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Bees: Facts, Importance & Types

Instructor: Amanda Robb

Amanda has taught high school science for over 10 years. She has a Master's Degree in Cellular and Molecular Physiology from Tufts Medical School and a Master's of Teaching from Simmons College. She is also certified in secondary special education, biology, and physics in Massachusetts.

Although bees are often feared by humans, they are essential for our ecosystem and our food supply. We will learn some interesting facts about bees, why they are important and explore the different types of bees.

What Are Bees?

Picture a day at the pool. Everyone is relaxing in their lounge chairs until someone sees a bee. Some people jump away from their chairs, terrified of this small insect. Although people can have an allergic reaction to bee stings, for most people bees are completely harmless. Their painful stings give them a bad rap, but bees are essential for all life on Earth.

When we think of bees, we usually think of the small honey bees that can be seen making honey and beeswax. But, there are over 20,000 species of bees and most are solitary, not living in large hives like we see with honey bees. Despite their scary reputation, bees are actually vegetarians. They feed exclusively on nectar and pollen from flowering plants.

Why Are Bees Important?

Pollen is plant sperm. Although it might seem strange, pollen is very important. Like human sperm, pollen is used for plant reproduction. The pollen must be carried from the male parts of a plant to the female parts inside the flower. Although the wind can assist in the process, the main pollinators of plants are insects, like bees.

Bees are especially useful in pollination because some species of females have pollen baskets on their back legs. These pockets are constructed from hairs and trap pollen when a bee visits a flower. When the bees move from flower to flower, they take the pollen with them, fertilizing the female parts of the plants and allowing for reproduction.

So, why should we care about plants reproducing? Plants form the base of all ecosystems. Plants provide 100% of the energy in the food web. Without plants, there will be no food for the herbivores, and thus no food for other animals that depend on them.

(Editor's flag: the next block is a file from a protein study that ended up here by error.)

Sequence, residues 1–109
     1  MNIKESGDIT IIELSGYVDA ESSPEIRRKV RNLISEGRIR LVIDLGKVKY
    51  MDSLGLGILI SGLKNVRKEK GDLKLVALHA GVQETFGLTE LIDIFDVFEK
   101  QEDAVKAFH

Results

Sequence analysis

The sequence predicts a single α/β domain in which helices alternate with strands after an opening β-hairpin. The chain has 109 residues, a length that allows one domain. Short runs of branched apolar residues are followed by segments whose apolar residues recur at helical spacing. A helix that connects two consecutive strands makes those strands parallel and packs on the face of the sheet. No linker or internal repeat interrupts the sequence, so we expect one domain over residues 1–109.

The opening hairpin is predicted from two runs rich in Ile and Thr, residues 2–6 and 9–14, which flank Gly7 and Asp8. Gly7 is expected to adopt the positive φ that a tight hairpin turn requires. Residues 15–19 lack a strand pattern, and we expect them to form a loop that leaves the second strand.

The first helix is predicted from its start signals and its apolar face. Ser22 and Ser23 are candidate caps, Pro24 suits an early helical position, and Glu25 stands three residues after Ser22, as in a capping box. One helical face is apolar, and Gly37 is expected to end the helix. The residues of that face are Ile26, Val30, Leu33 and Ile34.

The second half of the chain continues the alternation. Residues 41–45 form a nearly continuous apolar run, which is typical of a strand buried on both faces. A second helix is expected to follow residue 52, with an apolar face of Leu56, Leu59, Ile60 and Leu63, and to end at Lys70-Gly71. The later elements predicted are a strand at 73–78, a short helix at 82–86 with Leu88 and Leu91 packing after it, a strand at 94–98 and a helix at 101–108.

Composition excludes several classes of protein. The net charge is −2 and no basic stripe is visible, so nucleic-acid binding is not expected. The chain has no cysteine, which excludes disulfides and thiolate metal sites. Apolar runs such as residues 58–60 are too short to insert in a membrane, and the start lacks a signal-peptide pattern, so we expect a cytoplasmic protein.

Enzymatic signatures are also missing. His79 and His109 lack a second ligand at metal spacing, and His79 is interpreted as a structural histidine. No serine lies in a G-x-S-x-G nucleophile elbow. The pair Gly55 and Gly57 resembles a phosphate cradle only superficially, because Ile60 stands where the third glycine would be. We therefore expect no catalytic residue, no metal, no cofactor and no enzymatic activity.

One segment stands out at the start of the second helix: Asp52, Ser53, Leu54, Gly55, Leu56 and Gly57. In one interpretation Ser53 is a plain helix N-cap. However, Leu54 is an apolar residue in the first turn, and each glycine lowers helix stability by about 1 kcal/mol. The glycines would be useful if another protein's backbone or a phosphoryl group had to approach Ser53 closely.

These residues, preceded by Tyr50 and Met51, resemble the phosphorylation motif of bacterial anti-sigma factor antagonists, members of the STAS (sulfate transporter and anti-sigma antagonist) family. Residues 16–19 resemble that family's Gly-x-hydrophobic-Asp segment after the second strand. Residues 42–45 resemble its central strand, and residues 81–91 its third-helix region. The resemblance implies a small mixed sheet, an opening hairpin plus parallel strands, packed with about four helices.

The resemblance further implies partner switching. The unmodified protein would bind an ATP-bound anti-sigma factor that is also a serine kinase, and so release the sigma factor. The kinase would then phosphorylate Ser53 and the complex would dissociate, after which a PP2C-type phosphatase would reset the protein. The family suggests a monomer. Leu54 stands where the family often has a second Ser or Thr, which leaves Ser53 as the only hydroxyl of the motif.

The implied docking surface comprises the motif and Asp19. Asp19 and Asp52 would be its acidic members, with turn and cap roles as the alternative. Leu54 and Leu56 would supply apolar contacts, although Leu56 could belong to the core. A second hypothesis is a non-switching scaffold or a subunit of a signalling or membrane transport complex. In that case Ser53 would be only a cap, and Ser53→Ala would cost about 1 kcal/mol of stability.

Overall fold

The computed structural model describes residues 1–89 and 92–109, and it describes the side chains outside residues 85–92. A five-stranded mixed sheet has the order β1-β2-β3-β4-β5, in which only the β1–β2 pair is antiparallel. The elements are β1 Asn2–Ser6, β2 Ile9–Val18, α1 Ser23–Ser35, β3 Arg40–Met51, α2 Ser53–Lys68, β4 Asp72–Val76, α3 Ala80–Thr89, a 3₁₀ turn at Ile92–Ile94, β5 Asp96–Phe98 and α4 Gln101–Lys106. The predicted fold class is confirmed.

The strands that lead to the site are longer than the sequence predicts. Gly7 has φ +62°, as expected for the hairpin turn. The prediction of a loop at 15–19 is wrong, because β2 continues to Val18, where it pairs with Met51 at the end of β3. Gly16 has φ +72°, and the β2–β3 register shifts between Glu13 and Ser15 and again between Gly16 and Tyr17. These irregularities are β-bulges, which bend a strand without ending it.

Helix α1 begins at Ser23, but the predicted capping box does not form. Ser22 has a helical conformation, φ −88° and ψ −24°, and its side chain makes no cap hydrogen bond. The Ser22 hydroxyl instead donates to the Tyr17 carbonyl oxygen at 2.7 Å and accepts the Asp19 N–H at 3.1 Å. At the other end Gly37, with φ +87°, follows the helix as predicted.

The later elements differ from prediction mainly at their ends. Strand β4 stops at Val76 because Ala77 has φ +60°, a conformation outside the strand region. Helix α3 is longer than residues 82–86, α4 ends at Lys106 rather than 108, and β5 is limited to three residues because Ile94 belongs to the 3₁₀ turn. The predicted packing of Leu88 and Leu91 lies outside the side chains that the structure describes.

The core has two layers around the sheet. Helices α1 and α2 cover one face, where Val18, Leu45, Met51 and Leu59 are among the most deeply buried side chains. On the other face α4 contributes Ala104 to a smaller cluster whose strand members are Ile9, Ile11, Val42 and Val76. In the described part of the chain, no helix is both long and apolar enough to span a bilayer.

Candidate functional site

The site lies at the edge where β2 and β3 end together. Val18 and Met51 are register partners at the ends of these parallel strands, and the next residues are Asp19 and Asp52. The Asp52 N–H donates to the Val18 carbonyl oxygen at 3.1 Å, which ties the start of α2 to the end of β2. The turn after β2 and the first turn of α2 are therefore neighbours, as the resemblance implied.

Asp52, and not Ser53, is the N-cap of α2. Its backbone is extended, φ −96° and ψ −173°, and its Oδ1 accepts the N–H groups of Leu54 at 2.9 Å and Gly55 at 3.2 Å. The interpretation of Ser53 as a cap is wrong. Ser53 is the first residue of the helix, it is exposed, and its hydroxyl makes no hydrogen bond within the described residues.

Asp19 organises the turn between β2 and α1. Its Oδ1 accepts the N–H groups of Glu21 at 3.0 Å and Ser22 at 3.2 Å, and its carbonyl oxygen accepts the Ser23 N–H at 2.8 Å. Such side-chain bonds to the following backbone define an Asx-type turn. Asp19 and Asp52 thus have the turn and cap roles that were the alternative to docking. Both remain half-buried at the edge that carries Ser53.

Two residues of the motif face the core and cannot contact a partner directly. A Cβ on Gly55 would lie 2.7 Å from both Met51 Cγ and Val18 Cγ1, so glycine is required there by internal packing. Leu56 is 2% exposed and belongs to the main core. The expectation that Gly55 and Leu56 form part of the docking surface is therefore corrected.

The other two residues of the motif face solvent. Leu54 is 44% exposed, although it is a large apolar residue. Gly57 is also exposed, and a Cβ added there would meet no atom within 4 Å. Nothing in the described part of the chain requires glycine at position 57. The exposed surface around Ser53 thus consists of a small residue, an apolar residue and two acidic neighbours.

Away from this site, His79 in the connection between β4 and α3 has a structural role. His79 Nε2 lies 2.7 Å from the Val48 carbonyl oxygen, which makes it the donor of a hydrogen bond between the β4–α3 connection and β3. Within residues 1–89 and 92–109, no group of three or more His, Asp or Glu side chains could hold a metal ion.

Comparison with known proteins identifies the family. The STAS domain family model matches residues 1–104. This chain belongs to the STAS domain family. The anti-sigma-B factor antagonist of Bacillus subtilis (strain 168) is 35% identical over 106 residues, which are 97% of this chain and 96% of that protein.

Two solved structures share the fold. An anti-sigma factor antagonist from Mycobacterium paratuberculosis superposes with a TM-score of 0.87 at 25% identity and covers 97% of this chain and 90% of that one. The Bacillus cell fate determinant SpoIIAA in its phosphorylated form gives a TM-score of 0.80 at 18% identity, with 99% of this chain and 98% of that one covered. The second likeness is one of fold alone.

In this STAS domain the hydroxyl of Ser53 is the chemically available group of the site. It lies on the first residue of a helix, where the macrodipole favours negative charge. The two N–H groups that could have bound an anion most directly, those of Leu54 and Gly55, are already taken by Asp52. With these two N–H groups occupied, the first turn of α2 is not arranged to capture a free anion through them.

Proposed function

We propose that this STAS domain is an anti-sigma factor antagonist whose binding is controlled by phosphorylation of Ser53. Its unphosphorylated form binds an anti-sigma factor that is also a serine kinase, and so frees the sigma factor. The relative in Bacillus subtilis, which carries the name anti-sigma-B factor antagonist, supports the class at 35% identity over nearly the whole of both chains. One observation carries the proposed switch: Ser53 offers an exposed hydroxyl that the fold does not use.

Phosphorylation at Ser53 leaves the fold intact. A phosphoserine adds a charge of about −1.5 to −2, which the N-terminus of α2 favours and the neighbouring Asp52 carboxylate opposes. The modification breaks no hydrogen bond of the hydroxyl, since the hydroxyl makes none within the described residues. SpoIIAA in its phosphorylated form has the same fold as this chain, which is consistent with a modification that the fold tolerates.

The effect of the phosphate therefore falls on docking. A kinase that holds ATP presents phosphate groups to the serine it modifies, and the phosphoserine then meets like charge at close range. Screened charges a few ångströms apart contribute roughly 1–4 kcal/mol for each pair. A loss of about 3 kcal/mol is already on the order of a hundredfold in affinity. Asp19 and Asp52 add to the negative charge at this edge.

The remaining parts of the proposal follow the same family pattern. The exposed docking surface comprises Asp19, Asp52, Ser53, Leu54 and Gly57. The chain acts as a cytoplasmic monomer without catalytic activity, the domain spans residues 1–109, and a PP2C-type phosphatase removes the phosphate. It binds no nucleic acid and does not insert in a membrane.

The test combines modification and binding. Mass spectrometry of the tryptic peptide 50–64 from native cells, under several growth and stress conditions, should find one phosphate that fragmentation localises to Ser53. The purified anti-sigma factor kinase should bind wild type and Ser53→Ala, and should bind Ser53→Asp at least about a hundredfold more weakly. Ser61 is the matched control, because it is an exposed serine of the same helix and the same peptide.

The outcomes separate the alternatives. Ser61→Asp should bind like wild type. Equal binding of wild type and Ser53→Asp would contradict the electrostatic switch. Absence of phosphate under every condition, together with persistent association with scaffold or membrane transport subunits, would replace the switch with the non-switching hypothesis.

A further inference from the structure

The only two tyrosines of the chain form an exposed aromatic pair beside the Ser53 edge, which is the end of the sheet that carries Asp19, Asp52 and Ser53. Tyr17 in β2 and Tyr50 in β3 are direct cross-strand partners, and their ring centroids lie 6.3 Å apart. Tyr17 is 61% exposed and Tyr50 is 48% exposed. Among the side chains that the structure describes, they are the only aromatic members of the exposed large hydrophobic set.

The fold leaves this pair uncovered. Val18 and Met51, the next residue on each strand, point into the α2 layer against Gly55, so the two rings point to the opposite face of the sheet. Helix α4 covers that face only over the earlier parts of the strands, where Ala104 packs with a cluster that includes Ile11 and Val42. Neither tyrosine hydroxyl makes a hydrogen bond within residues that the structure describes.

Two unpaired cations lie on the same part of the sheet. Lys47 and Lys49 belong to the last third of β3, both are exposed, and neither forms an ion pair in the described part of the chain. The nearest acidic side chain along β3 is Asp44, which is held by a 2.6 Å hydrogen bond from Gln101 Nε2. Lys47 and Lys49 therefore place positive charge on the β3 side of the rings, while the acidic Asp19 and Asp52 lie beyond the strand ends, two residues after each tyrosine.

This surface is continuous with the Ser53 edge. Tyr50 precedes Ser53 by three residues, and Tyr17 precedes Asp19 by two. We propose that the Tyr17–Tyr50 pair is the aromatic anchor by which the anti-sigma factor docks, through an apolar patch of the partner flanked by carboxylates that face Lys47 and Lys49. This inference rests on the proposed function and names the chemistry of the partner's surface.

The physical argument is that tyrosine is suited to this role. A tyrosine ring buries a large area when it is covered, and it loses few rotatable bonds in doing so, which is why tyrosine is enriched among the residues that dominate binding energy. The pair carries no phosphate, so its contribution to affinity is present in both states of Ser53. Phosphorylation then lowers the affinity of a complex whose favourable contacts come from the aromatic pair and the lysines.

Humans are also desperately dependent on bees. Like natural ecosystems, crops form the basis for our food supply, not only feeding humans but the farm animals we depend on. Bees are the pollinators for these plants. Artificial pollination of crops has been attempted, but it is nowhere near as efficient as bee pollination.

Despite their importance, many species of bees are in danger of going extinct. In 2006 colony collapse disorder was identified as a cause of the massive decline in bees worldwide. This problem occurs when worker bees die off leaving only a queen and a food supply. Eventually, the colony dies without worker bees. Scientists think a number of factors contribute to this problem including human activities like climate change and overuse of pesticides.

What Types of Bees Are There?

Clearly, bees are a keystone species in the ecosystem. But, there are many types of bees all over the world. Let's look at some common types.

Honey bees

Honey bees are the stereotypical type of bees. Living in large colonies, these bees are only about the size of a paperclip. They produce honey and beeswax that we humans use and are the bees that we farm agriculturally. All summer they collect nectar and pollen to create stores of honey inside the hive. During cold winters, they vibrate together in the hive, producing warmth to help them survive until spring.

Honey bees produce honey and beeswax used by humans

Bumble bees

The round, large bees that we see buzzing around our gardens are bumble bees. They have larger hairs, a rounded body, and lack the thin characteristic stripes of honey bees. Unlike honey bees which build a hive above ground, bumble bees nest underground in abandoned bird or mouse burrows. Although they don't make honey, these bees are still expert pollinators. Bumble bees have been found to vibrate at a perfect frequency to get flowers to release pollen, similar to shaking a head of lettuce to remove any excess water.

Bumble bees are large bees that nest underground

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